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G'Day Japan! / Basics / RYOKAN

Ryokan Gojyuan: a little bit of Japan in Balmain

  • Experience an authentic ryokan, complete with a Japanese garden
  • Soak for hours in the aromatic hinoki bath to music of your choice
  • Savour a classic ichijū-sansai breakfast overlooking the koi pond



In Sydney’s inner west suburb of Balmain lies a boutique Japanese ryokan inn, Ryokan Gojyuan. A classic 1850s heritage sandstone building on the outside, the only clue to what’s inside are the tasteful wooden signs beside the front door, featuring the inn’s name in Japanese calligraphy. Step inside, and you’ll easily forget that you’re in the Harbour City.

Ryokan inns around Japan are typically models of traditional Japanese design and landscaping, with calming, aromatic timber paneling, sliding screens and straw tatami mats – and the sound of a stream trickling gently in the background, or koi making a sudden splash on the surface of a meditative pond.

Ryokan Gojyuan is no exception, featuring these design elements with authenticity and style in its Matsunoma and Takenoma guest rooms. The Matsunoma, or ‘Pine Room’ overlooks the main garden and a Wollemi Pine from beside a koi pond. Over this, a wooden walkway leads to the Takenoma, or Bamboo Room. With a view curtained by bamboo, it is also used for special workshops on the art of Samurai Tea Ceremony.


Between the Matsunoma and Takenoma is the bathhouse of Ryokan Gojyuan, another standard of a Japanese inn. The ‘ofuro’ (bath) here is made of hinoki, or Japanese cypress, which has a subtly calming aroma that makes it easy to spend hours relaxing in the tub. Linda, the innkeeper of Ryokan Gojyuan, has spent countless hours studying the traditions of ryokan hospitality. Her travels in Japan have taken her to Nakatsugawa in Gifu Prefecture, where the hinoki bath of Ryokan Gojyuan was custom-made by Hinoki Soken. An important post town on the Nakasendō, an ancient mountain highway from Tokyo to Kyoto, Nakatsugawa is the gateway to the Kiso Valley – a prime hinoki growing region.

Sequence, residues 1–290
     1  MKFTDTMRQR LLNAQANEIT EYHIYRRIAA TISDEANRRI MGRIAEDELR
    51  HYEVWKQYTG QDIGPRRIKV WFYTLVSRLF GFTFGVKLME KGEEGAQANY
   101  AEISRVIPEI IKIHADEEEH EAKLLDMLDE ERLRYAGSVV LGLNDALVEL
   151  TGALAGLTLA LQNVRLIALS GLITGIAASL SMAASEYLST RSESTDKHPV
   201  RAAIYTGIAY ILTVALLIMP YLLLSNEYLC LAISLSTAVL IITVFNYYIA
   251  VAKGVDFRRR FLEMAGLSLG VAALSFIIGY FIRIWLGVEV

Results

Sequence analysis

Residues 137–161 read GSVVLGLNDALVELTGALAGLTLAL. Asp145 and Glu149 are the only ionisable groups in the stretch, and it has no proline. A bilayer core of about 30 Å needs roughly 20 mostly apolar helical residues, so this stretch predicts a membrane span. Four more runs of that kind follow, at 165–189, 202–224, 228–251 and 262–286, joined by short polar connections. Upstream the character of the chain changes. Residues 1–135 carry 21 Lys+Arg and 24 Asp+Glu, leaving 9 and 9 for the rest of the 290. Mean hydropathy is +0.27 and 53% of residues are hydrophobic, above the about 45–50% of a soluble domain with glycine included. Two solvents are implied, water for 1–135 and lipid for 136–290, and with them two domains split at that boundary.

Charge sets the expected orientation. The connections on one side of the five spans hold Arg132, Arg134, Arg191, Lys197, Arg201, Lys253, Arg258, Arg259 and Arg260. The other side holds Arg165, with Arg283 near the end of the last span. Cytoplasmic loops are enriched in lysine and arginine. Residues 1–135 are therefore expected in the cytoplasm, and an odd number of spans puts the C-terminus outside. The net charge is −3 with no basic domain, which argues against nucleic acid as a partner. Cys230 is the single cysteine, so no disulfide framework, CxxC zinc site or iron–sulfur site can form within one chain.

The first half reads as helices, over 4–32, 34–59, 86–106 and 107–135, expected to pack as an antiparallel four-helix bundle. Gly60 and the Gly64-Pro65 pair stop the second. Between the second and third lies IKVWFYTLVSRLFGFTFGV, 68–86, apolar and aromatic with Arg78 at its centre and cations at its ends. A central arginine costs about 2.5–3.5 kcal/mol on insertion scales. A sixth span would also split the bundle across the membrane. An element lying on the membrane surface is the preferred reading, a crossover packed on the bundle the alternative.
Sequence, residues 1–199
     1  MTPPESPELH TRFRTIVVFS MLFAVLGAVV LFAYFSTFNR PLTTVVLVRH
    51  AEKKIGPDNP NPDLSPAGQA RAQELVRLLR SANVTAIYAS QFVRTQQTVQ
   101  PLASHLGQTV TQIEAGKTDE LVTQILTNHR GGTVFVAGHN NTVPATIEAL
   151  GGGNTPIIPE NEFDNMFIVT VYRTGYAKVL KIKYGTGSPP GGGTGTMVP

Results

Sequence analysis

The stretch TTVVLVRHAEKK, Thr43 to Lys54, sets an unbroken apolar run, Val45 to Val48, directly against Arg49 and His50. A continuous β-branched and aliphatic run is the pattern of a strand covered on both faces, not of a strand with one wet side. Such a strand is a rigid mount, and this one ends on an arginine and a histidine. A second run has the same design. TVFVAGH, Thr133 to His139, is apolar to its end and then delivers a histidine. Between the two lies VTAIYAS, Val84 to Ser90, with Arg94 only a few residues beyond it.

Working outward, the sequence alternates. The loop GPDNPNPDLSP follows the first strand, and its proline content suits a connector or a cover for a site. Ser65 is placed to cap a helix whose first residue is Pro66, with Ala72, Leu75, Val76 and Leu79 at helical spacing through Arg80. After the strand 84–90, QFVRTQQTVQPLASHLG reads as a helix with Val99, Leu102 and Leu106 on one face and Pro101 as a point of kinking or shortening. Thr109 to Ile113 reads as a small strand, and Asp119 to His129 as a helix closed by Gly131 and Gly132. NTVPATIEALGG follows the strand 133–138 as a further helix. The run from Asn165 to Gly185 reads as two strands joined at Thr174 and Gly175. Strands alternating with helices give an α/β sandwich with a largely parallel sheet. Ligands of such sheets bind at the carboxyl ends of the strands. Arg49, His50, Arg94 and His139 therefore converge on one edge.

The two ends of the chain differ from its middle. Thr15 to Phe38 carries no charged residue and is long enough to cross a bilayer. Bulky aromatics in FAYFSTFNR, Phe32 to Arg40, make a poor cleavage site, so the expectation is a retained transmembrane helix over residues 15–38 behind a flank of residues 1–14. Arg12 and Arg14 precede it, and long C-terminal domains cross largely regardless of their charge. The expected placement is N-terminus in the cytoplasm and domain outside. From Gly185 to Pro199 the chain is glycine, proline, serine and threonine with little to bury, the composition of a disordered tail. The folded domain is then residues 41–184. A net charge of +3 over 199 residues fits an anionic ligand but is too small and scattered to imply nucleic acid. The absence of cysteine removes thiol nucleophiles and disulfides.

Bringing another special touch to the Ryokan Gojyuan bathing experience are the speakers in the bathhouse. Linda provides a selection of meditative traditional Japanese music for guests, who may also listen to music of their own choice. Ryokan Gojyuan follows the Japanese bathing custom of showering and rinsing off all soap outside the bath first, and then getting in to soak and relax. Guest rooms at Ryokan Gojyuan also have their own showers and futon beds – and you can even choose to sleep in a yukata, a light cotton kimono.


Japanese aromas to enjoy along with the hinoki bath are the camellia (Japonica Lovelight) in the main garden, green tea, and of course, Linda’s amazing breakfast. Modelled on the healthy traditional ‘ichijū-sansai’ format, it consists of rice, miso soup, pickles, vegetables, egg and fish, served in the lobby on beautiful tableware. This room looks out over the koi pond, and is decorated with quintessentially Japanese wood features and pottery pieces.

Ryokan Gojyuan is also a strong supporter of Japanese cultural exchange in Sydney, and its website and Facebook page are good sources of information on workshops and events, including Japanese theatre and music. Until you’re back out in the streets of Balmain, the inn really feels like you are in Japan – making it the perfect place for the ultimate Japanese staycation.



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